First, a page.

Digitalisation has not only defined the commercial asset finance space this year but will be the dominating characteristic of our business in 2021 and beyond. Picture: Steve Buissinne/Pixabay
Digitalisation has not only defined the commercial asset finance space this year but will be the dominating characteristic of our business in 2021 and beyond. Picture: Steve Buissinne/Pixabay

A year of important reflection for SA’s commercial asset finance sector

By Opinion Time of article published Jan 13, 2021

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Digitalisation has not only defined the commercial asset finance (CAF) space this year but will be the dominating characteristic of our business in 2021 and beyond.

A key focus at the beginning of 2020, no one could have predicted just how important digitalisation would be for the business and how much it would contribute to strengthening customer relationships.

Our ongoing digital transformation journey was accelerated by Covid-19 in a similar fashion as many other sectors. The fact that we were not able to meet with our customers physically meant that we had to find alternative ways of engaging with them.

We relied heavily on our digital capabilities to achieve this, through the advanced electronic signing capability launched for the business. Working digitally helped us to engage with more customers than we normally would have done as we were not limited by logistic challenges.

The impacts of a global pandemic, the like of which we have not seen in our lifetime, are far reaching. South Africa is also no exception and the effects of a hard lockdown had impacted all sectors across the country. Restricted trading has impacted key sectors in which we play such as manufacturing, transport, and construction, and while agriculture has shown growth during the lockdown, this is seen in line with normal sector performance.

Some of the assets we finance are largely supplied by manufacturers from across the world. With so many countries still burdened with the virus, and the inability to globally trade as usual, our recovery has, and will still be slow. It’s quite heartening then that 90 percent of all our customers who took up some form of payment holiday have resumed their payments.

Digitalisation has strengthened customer service. Customers are a lot more informed and we've seen the emergence of new digital banks which compete with incumbent banks, such as ourselves.

Digitisation is an important part of our evolution at Standard Bank and we expect the acceleration which we have seen in 2020 to continue next year.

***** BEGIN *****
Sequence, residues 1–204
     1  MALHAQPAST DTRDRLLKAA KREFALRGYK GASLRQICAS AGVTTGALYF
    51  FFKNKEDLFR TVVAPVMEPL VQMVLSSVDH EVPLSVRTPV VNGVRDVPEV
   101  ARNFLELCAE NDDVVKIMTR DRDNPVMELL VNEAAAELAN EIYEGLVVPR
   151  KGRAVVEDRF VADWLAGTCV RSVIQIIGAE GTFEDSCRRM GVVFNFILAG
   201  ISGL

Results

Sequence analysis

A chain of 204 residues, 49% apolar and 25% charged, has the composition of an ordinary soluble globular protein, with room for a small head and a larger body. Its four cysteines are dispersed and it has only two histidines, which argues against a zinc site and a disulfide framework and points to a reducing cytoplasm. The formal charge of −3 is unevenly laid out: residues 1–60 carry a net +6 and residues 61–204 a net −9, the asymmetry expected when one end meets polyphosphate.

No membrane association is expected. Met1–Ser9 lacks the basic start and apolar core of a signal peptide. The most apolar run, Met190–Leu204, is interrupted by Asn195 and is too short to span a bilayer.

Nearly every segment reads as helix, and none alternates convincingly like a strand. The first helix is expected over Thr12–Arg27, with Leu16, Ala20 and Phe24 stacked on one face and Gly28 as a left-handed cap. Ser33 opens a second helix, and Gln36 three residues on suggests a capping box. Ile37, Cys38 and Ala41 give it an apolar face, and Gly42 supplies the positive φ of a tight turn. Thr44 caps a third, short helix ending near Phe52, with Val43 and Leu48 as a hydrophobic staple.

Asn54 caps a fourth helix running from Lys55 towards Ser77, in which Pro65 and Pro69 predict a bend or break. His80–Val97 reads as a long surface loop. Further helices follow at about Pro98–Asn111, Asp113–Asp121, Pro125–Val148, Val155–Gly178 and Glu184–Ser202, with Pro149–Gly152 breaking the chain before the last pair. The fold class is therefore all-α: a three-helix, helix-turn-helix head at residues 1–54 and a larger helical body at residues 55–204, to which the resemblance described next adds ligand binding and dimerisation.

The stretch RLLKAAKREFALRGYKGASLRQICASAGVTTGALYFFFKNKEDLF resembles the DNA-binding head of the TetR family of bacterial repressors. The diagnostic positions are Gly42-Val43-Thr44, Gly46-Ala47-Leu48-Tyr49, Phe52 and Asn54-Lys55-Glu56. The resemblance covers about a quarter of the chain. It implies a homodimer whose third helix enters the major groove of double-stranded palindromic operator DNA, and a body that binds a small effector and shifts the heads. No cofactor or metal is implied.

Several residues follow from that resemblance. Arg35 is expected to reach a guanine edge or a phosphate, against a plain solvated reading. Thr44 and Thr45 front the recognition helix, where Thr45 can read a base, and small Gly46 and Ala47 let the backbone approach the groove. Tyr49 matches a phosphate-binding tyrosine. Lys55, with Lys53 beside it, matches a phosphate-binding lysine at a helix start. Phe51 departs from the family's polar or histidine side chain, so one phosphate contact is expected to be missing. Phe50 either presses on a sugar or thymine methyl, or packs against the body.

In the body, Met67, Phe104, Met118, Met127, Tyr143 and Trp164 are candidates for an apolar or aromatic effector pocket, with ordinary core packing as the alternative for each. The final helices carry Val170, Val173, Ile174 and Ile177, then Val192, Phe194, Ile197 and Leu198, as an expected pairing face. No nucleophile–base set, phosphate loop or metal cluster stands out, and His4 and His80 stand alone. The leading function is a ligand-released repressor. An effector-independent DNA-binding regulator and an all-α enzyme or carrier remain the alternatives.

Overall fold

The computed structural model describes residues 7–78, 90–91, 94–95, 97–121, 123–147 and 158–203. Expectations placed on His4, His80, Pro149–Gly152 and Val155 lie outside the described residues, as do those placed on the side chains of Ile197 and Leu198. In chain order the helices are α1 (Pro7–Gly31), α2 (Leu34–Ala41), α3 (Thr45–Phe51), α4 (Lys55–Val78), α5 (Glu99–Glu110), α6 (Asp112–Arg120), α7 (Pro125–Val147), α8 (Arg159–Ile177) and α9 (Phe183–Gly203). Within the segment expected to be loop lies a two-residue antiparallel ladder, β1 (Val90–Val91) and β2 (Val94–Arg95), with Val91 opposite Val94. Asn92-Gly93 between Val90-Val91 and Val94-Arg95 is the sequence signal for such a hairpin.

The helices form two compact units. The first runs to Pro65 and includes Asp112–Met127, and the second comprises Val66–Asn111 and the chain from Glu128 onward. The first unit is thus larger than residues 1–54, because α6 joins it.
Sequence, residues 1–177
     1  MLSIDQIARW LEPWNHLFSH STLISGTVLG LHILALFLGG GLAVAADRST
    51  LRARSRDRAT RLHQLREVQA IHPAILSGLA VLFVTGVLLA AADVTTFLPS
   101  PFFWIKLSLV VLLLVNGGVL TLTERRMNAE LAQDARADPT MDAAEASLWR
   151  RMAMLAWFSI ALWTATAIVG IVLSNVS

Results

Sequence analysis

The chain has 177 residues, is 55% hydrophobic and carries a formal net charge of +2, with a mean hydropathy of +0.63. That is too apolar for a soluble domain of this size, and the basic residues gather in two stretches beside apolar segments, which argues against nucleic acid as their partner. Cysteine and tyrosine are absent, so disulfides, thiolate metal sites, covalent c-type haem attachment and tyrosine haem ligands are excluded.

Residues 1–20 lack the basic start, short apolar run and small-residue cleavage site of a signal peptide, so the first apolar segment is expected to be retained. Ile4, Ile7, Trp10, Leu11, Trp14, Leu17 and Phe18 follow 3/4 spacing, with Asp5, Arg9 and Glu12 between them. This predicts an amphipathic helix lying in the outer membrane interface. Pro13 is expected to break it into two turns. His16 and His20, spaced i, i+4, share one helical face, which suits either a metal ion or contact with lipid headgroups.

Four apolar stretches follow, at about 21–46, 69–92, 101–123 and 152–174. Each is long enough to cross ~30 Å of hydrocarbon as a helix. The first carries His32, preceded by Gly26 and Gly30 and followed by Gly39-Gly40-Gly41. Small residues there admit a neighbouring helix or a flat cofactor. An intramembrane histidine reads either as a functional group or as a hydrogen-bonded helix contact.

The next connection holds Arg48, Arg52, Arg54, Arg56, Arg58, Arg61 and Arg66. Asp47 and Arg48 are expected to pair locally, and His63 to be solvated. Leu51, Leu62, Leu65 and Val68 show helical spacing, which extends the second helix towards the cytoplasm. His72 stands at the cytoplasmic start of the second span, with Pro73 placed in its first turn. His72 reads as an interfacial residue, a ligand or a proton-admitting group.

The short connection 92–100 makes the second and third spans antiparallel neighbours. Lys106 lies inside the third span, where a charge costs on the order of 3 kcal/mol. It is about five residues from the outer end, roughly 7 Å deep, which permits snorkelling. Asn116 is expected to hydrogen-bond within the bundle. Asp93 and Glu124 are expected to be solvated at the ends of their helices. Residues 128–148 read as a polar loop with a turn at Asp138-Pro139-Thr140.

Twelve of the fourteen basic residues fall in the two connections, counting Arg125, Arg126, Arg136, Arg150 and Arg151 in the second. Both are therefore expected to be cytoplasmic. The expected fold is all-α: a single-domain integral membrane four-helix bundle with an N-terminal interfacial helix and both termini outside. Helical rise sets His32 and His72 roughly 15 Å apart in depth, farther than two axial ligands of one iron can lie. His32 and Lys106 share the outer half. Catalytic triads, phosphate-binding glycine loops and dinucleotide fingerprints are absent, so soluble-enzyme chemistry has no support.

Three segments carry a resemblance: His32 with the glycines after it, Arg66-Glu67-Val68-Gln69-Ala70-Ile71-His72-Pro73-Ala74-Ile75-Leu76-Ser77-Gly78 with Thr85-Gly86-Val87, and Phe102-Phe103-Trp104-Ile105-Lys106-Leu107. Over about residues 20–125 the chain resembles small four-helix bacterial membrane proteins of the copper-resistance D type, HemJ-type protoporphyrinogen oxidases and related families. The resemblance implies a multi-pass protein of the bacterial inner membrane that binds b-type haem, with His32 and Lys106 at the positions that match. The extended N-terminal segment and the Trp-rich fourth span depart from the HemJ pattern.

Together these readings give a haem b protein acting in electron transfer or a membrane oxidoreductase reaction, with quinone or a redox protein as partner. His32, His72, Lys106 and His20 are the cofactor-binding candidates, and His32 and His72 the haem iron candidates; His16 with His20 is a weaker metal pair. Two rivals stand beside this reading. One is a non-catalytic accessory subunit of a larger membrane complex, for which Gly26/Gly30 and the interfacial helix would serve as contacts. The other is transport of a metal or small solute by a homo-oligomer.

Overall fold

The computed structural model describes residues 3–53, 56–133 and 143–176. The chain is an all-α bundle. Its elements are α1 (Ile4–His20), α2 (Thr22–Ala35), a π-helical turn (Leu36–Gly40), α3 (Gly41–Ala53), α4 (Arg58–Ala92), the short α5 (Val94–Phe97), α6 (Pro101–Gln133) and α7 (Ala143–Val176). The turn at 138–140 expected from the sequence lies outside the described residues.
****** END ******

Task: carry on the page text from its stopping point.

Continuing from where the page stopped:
It is an enabler of our strong purpose led strategy to be the leading financial services organisation in, for and across Africa, delivering exceptional client experiences and superior value via digital platforms. Our digital journey places the client at the centre of what we do, without losing our ability to remain a relationship-based business.

Digitisation remains vital to business on the continent, and businesses will likely strive to stay ahead of their competitors in that respect. There are key aspects in the digital transformation journey which will define our sector next year:

Data (Internet of Things): Understanding your customers has never been more crucial than it is now. So business is likely to be centred around data for better customer insights moving forward.

New market entrants/competitors in different markets: We are likely to see more and more business integrate to unfamiliar markets and industries. For example, we have seen a lot of tech companies entering the financing space. This will likely be linked to the data driven generation we live in because, if you understand customers, you can better offer them products that they need, regardless of the traditional industry you operate in.

Global reskilling race: The above-mentioned factors are likely to change the place of work as we know it. As a result, current skills could become redundant. With that said, we are likely to see businesses reskilling the workforce amid the tech world we will be living in.

Future of mobility: We need to stay close to the trends shaping the future of mobility. It is important for asset financiers to assess their business models and ensure that they provide pay for use offerings and capabilities for their customer base. Customers will be making decisions between full cost of ownership and usage-based models. For CAF it will mean we move from being product centric to customer centric (needs). This will result in a massive shift in profit pools for asset financiers.

While customers view us primarily as financiers, we see the Standard Bank group being more than a bank offering a broad spectrum of customer propositions driven by digital transformation in the future.

In understanding customer needs from a commercial asset finance perspective, as well as a general vehicle and asset finance division, it is integral to remember that we are helping customers achieve their dreams, we are partnering with them in growing their businesses, and enabling them to acquire assets for generating revenue.

Our value proposition is built on understanding our customers’ needs and being trusted advisors throughout economic cycles.

Nelisiwe Baloyi, Head: Commercial Asset Finance at Standard Bank South Africa

BUSINESS REPORT ONLINE

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